For understanding why demagoguery and populism so often accompany one another, the American experience is particularly informative—though by no means exhaustive. The founders of the American political system recognized that the structure of a large polity housing a multiplicity of interests would incentivize discrete interest groups to assemble coalitions. This in turn would induce interest groups to deliberate among each other in ways they would otherwise not, so as to find the broadest and most stable bases of mutual support and therewith assurance of effective and enduring governance.
The founders also chose to lodge the regime’s ultimate (thought not its only) political authority, not in State and local governments as the Anti-Federalists would have done, but rather in national constitutional offices far removed from local constituents. Consequently, national office-holders were insulated from the pressures to which the leaders of small democracies had been notoriously subject. More importantly, the goals and priorities of national officeholders were reoriented away from the narrow and parochial concerns of their own communities towards the broader and more enduring concerns of the Union. To this end, James Madison in Federalist 10 anticipated that the effect of these national offices on public policy would be “to refine and enlarge the public views, by passing them through the medium of a chosen body of citizens, whose wisdom may best discern the true interest of their country, and whose patriotism and love of justice will be least likely to sacrifice it to temporary or partial considerations.”
As a result of these decisions on the part of the founders, the thrust of American constitutional pluralism is constructive rather than destructive: It is in the personal interest of competing groups, none of which is large enough to constitute as a stable majority on its own, to discover shared ground on which to build reliable governance and effective administration. The politics of pluralism is therefore one of bartering and deal making rather than one of purity and coherence. For these reasons, it tends to foster an ideology—i.e., a body of substantive political thought—that is hostile to what today’s scholars and political actors would define as populism. Whereas populism seeks to draw clean lines between the pure and the decadent, and to act quickly lest the true people be stifled in their sovereign authority, pluralism begins with the acknowledgement that many competing voices will have to be heard in order for a deliberative, and therefore legitimate, decision to be made. In this respect, pluralism is unapologetically impure because it is necessarily suspicious of claims by any one group to constitute the “true” people; it stands for the conviction that any truly representative communal judgement can only be formed on the basis of procedures and collective argumentation.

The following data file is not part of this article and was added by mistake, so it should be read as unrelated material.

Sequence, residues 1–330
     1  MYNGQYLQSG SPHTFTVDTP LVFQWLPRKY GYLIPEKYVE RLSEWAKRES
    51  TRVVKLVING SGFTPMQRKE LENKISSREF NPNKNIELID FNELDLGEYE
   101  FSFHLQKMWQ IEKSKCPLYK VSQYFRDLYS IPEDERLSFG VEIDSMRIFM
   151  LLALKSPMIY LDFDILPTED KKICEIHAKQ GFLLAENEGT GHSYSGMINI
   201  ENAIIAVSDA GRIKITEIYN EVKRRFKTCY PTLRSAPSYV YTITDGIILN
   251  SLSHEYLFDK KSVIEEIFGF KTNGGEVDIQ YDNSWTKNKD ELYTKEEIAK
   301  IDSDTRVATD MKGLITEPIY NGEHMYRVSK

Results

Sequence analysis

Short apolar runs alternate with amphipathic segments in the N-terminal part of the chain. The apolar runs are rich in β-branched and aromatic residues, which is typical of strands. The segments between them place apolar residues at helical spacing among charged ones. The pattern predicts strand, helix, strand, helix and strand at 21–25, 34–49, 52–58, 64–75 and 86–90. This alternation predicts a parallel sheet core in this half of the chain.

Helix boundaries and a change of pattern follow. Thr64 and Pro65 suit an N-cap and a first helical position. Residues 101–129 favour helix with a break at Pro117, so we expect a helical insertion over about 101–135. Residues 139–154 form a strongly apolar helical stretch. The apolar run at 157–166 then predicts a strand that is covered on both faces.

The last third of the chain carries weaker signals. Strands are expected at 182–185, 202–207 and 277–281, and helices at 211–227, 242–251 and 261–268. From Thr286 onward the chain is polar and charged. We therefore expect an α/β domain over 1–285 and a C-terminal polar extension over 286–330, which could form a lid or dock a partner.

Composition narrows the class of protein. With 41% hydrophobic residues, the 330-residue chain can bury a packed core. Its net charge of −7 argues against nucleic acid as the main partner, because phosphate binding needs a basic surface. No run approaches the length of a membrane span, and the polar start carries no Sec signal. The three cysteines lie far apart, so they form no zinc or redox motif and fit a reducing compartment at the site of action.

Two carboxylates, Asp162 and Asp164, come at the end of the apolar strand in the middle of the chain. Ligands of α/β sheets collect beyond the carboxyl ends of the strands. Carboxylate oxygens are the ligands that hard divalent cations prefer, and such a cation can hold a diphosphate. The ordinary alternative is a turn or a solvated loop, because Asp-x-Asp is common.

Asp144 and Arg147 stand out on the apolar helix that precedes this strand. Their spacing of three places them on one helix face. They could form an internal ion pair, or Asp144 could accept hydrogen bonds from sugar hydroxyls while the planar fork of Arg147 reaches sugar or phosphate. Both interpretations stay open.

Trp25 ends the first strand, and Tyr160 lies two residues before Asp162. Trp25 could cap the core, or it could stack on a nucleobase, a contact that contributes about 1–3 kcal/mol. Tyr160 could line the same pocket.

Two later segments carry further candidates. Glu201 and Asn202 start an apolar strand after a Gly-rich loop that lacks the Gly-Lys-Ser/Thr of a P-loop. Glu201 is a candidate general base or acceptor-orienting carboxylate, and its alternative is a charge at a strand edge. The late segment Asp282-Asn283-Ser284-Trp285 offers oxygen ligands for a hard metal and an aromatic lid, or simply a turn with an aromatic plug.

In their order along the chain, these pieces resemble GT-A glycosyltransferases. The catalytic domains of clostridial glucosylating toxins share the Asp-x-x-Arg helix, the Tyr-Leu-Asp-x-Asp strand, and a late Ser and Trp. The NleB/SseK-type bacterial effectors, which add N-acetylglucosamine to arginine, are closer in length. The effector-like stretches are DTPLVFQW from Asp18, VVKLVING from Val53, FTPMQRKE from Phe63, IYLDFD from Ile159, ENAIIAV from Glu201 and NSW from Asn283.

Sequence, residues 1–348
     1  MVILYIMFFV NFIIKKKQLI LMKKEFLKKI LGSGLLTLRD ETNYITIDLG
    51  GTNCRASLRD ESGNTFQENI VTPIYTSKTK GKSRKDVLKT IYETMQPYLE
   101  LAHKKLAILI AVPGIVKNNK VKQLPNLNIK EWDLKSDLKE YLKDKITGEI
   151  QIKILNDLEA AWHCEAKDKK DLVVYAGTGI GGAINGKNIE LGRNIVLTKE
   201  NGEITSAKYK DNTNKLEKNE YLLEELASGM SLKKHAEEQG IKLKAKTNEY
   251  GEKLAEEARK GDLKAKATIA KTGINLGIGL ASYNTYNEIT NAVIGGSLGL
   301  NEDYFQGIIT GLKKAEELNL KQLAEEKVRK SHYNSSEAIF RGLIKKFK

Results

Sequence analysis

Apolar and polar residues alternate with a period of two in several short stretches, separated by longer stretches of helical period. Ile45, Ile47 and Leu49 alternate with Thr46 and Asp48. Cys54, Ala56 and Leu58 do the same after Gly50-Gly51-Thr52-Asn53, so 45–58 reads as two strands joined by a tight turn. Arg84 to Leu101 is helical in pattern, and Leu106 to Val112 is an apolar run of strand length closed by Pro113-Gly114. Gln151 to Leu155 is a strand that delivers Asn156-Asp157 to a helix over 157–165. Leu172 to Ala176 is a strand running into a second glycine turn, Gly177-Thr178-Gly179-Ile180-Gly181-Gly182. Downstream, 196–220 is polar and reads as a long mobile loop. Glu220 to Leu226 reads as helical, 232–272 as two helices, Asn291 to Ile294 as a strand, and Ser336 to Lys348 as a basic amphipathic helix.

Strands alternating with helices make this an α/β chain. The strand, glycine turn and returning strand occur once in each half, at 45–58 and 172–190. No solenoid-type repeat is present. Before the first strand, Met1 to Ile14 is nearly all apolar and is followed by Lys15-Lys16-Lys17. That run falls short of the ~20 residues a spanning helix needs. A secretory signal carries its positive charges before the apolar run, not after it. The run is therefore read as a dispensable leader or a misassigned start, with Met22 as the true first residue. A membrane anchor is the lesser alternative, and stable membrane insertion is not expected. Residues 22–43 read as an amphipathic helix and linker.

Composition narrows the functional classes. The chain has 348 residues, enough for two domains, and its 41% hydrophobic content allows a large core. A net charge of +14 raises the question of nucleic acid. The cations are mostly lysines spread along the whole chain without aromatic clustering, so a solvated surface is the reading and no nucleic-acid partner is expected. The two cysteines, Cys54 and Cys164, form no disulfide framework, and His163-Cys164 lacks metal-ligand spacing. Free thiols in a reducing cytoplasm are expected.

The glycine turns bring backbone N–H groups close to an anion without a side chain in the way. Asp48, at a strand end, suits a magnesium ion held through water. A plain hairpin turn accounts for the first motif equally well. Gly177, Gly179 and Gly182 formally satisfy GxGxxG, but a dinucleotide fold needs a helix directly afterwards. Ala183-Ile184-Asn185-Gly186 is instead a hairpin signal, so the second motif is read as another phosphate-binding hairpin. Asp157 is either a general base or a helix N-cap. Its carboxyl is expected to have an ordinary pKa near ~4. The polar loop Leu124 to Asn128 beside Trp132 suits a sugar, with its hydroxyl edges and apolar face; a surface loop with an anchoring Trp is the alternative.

With these considerations in mind, we can see how demagoguery understood as a rhetorical style would be a natural ally of populism understood as an anti-pluralistic popular ideology. Demagoguery justifies silencing pluralistic debate (i.e., arguments advanced on behalf of the interests and rights of competing parties) on the grounds that the demagogue’s followers have a grievance or goal, known by themselves and the demagogue, which outweighs the grievances or goals that any other group in the community could possibly have. Thus, Hugo Chavez was a populist using demagogic rhetoric when he declared: “This is not about pro-Chavez and anti-Chavez…but…the patriots against the enemies of the homeland.” So too is President Trump whenever he dismisses a contradictory claim as “fake news” promulgated by the “enemies of the people”—as if “the people” were a coherent entity who understood amongst themselves what true news is, and whose claims to truth required no external confirmation in order to be validated.
As a rhetorical style, then, demagoguery is the ideal tool for leaders endeavoring to gather support, not through principles and policies that are open to critique, emendation, and improvement from a range of views, but through assertions on behalf of an alleged “true people” who have been wronged by elites, who know what needs to be done, and who are under no obligation to render an account of themselves to dissenting elements in the polity.
To be sure, there are cases in American history when populists have advanced compelling critiques of the establishment: Consider Sen. Bob La Follette, Sr.’s sophisticated diagnosis of American inequality during the Progressive Era. There are also cases when politicians have used demagoguery to expose injustices that would not otherwise have been addressed, such as Theodore Roosevelt’s aggressive campaign against the railroads during passage of the Hepburn Act (1906). Accordingly, what is needed today is a more robust and nuanced framework that would enable us to evaluate the plausibility of—rather than to simply dismiss or endorse—populist ideologies and demagogic rhetoric.